Beta Ensembles: Universality, Integrability, and Asymptotics (16w5076)


(Temple University)

Peter Forrester (University of Melbourne)

Alice Guionnet (Massachusetts Institute of Technology)

(University of Wisconsin - Madison)


The Banff International Research Station will host the "Beta Ensembles: Universality, Integrability, and Asymptotics" workshop from April 10th to April 15th, 2016.

Random matrix theory is a vibrant area of probability theory and mathematical physics, with applications across mathematics, physics and engineering.
Starting with the work of Dyson, Gaudin and Mehta in the 60s and 70s and then with the ground breaking results of Tracy and Widom in the 90s (building on the work of the Kyoto group in the 80s) the classical “invariant” ensembles of random matrix theory turned out to be exactly solvable. In particular, the local behavior of the eigenvalues of these ensembles has been fully described. Moreover, many of the limiting objects were soon after understood to capture the scaling limits of other integrable systems from combinatorics and statistical physics, most famously of various models of random growth composing the KPZ universality class.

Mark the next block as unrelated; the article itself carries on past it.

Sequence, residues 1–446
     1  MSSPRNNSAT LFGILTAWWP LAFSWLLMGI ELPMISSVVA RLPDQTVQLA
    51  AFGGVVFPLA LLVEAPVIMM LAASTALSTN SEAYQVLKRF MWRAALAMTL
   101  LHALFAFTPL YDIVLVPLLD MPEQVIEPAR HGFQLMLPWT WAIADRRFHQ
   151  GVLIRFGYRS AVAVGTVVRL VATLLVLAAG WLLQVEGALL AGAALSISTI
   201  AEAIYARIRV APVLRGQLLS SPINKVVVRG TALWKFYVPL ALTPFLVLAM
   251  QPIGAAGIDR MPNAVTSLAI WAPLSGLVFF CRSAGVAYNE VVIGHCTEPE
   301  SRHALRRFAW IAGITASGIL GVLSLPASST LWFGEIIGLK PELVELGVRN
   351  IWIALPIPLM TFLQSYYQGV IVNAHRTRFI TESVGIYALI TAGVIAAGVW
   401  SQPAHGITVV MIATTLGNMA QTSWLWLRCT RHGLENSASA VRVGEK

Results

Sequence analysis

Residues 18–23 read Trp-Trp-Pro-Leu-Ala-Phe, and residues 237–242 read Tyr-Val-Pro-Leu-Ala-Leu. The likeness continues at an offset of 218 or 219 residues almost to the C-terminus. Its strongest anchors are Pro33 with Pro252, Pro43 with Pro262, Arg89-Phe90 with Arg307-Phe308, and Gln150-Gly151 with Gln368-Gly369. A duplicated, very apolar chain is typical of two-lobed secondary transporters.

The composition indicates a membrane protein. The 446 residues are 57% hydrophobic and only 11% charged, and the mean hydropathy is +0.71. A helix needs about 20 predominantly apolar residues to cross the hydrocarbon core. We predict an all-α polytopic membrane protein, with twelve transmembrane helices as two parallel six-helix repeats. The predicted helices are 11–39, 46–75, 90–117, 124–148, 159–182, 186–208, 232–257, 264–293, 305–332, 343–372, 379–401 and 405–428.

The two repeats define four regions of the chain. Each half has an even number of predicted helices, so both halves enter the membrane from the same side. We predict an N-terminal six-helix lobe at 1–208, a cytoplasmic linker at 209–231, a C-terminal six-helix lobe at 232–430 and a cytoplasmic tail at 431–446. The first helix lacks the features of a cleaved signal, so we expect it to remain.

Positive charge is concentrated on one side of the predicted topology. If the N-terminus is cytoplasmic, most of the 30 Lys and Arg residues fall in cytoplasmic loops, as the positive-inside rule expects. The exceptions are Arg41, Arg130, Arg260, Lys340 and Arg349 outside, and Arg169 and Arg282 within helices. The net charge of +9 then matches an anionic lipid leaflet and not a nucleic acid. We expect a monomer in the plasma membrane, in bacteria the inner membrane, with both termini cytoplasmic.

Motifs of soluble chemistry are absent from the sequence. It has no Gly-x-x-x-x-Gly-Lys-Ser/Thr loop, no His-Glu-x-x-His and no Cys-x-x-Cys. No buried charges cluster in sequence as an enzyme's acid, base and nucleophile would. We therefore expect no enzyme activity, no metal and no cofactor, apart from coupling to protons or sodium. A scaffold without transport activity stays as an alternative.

The physically motivated beta-ensembles (which can initially be viewed as a models of a coulomb gas) provide one-parameter families of particle systems that interpolate between the eigenvalue distributions of several of the classical models (realized at beta equal to 1, 2, or 4). In recent years, the introduction of a range of new tools led to a period of intense research activity on the general beta ensembles, and our understanding of their properties continues at a fast pace. The wide range of new results naturally raise many open problems. This workshop will bring together various groups, in probability, mathematical physics, and numerical analysis, working on the theory of beta-ensembles to discuss the most recent results and open problems in the field.

The Banff International Research Station for Mathematical Innovation and Discovery (BIRS) is a collaborative Canada-US-Mexico venture that provides
an environment for creative interaction as well as the exchange of ideas, knowledge, and methods within the Mathematical Sciences, with related disc
iplines and with industry. The research station is located at The Banff Centre in Alberta and is supported by Canada's Natural Science and Engineeri
ng Research Council (NSERC), the U.S. National Science Foundation (NSF), Alberta's Advanced Education and Technology, and Mexico's Consejo Nacional
de Ciencia y Tecnología (CONACYT).